by Mila Phelps-Friedl
*names have been changed for the sake of time.
I remember this one day when I really saw you, as we sat beading coral paints onto tiny pinky toes and exclaiming when the drips hit the porch deck— the tang of nail polish remover raised the hairs at the back of my neck. You sat directly in front of the sun, parts of your mousey hair lit by streams of light that covered your face, and I couldn’t tell if you were looking at me. That’s when I realized; I could never tell if you were looking at me. But we’d only been friends for two years now, so feeling somewhat kept at arm’s length must be totally normal, right? We’d shared the same social space for so long now, our names rolled off tongues like maple syrup and I’d counted you among my best friends since that first hello, and yet— looking at you in the sun, I could feel the rough wood of the deck under my legs more than I could feel you wanting me to be there. With us, no matter the situation, there was always a point at which you pushed me away.
The six months that *Stella was abroad I breathed in deeply, like the calm after a storm. I shook water weight from my limbs and without guilt, I breathed in the space. She was one of our best friends, and the space she left was hard to look at, but she’d always been closer to you, and so while I was sad, a part of me hoped that finally I would be allowed to be your friend without sunspots dancing in my way. I was wrong. Instead of turning to me, you turned me aside and filled the gap with more and more people until I struggled to form sentences around you as I felt like the dimmest one in the room. Where I’d once breathed in space, I longed to feel supported and surrounded again by something other than the foundation of salt it seemed I was standing upon.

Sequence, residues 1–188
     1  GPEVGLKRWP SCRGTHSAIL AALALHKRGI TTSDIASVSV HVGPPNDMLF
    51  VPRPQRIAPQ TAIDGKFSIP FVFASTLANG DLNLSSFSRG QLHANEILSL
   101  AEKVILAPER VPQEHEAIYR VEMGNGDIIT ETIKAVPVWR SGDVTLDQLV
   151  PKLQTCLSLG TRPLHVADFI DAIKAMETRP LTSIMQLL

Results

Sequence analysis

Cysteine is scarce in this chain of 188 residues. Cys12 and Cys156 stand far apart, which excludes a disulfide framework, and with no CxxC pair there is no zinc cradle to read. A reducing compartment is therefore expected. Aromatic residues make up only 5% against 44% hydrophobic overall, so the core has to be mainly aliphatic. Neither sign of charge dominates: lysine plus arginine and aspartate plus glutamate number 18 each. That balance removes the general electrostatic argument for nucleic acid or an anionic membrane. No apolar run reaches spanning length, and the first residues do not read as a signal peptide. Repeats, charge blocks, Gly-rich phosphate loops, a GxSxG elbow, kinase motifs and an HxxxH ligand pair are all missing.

Three years now of being your friend and I was as expendable as nail polish, only traces of the color that I used to be, and that wasn’t enough for me. So that summer I broke out, laying down a foundation of all the things I wanted to do and be over the crumbling existence of whatever I’d once seen in this friendship — and it was that act of defiance that changed everything.
“What did I do wrong?”
“I don’t want to talk about this right now.”
“No. I’m done waiting for you to tell me. What did I do?”
In a moment of bravery or cowardice, I’d confronted you over the illuminated keys of my computer and you’d waited an hour before sending me a list.
a. list. of. everything. I. had. done. wrong.
1. You never tell me what’s going on with you.
a. Well I would if I felt like you cared.
b. or would tell me anything I didn’t have to feel like I’d earned.
2. You’re far too self involved.
a. Says the 16-year-old to the 16-year-old in a world that currently revolves around the drama of wanting to be your friend a little too much apparently.
3. You stopped really trying to be my friend.
a. I never stopped, I just realized that I was hurting myself more than I was gaining ground or traction or air to breathe, or any response to make me think that you wanted me to be your friend.
The list went on.
For three months I agonized over those words, over all the times I genuinely thought I was being a good friend that had suddenly become stained and swollen under the ways you considered me to be wrong. I questioned if all this time I’d been making something out of nothing, blowing pinpricks into bee stings, poisoning a friendship with my own personal venom. But then I remembered that day in the sun, all the times I spent without you looking at me, really seeing me, draining color and confidence out of a friendship I had genuinely wanted.
You were wrong about me and I was wrong about me.
I should never have let something steeped in that much uncertainty rock me to my core, because once I blinked the sunspots from my eyes and really looked at the situation, it was just me sitting on a deck painting my toenails in brilliant hues of reds and magenta, and I was perfectly content with who I am.